Jakarta Globe, Jul 09, 2015
|Chlorine can cause side effects from skin irritation to infertility. (AFP Photo/|
Jakarta. An Indonesian consumer group has slammed the Ministry of Health for downplaying reports that some popular brands of sanitary pads were found to have used chlorine in their products, prompting public fears of health risks.
“The statement that the sanitary pad using chlorine is safe to use is contradictory with a regulation issued by the Ministry of Health itself,” said Tulus Abadi, the operational manager at the Indonesian Consumer Protection Foundation (YLKI).
“The Ministry is being inconsistent and violating a rule it created.”
On Monday, YLKI reported nine brands of menstrual pads sold in Indonesia, including popular brands like Charm, Laurier and Softex, were found to contain chlorine in their products. Charm topped the list with 54,73 ppm (parts per million) in its products.
The announcement was made after YLKI conducted a series of tests in accredited laboratories. The tests also found that several panty liners produced by the same companies contained chlorine.
YLKI stated that chlorine in the menstrual pads could cause skin rashes, irritation and infertility and in the long-run it could cause cancer.
Responding to the report, the ministry said that sanitary pads in the Indonesian market were safe to use despite the chlorine.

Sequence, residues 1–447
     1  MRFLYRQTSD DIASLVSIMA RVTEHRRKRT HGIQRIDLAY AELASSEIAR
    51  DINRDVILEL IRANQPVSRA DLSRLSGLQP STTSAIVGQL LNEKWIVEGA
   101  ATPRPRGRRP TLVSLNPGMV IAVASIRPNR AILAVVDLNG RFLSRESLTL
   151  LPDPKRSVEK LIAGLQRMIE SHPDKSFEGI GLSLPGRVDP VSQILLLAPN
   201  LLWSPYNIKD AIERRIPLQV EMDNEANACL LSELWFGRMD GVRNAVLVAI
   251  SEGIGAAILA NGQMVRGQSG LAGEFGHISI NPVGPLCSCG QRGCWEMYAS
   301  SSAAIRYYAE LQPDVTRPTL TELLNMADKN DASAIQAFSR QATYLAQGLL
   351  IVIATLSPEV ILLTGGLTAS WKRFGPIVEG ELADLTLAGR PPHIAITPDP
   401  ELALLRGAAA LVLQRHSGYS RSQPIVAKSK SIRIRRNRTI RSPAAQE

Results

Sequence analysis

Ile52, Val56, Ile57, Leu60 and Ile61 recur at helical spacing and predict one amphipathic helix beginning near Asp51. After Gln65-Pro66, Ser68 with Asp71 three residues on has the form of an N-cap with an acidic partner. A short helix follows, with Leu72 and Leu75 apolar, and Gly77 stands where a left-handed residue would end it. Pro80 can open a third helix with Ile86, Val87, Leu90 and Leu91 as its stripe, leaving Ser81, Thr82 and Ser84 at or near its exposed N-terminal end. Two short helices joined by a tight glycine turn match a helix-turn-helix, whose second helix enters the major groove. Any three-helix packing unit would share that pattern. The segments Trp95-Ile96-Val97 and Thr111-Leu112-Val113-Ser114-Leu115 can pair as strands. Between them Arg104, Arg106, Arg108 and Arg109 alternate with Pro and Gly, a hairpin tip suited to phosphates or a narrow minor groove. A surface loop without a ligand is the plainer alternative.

“The fear that chlorine could cause cancer is unreasonable, all those sanitary pads have the license and have passed the safety and quality tests,” said Maura Linda Sitanggang, the ministry’s director general of pharmaceutical and health equipment.
Tulus claimed that by not specifying the maximum level of chlorine contained in sanitary pads, the ministry has sided with the industry instead of consumers.
He said the Food and Drugs Administration (FDA) in the United States regulated that chlorine in sanitary pads should not exceed 0.1 ppm.
YLKI also demanded the National Standardization Agency (BSN) revise the regulation for sanitary pads and ban chlorine use.
YLKI has estimated Indonesian women use 1.4 billion sanitary pads annually.
Responding to the request, BSN said it would immediately review the regulation on the sanitary pads.
“In our Indonesian National Standard [SNI] we did not mention anything about chlorine in the sanitary pads and we will revise it to protect the consumers, producers, laborers and the public,” BSN chairman, Bambang Prasetya said.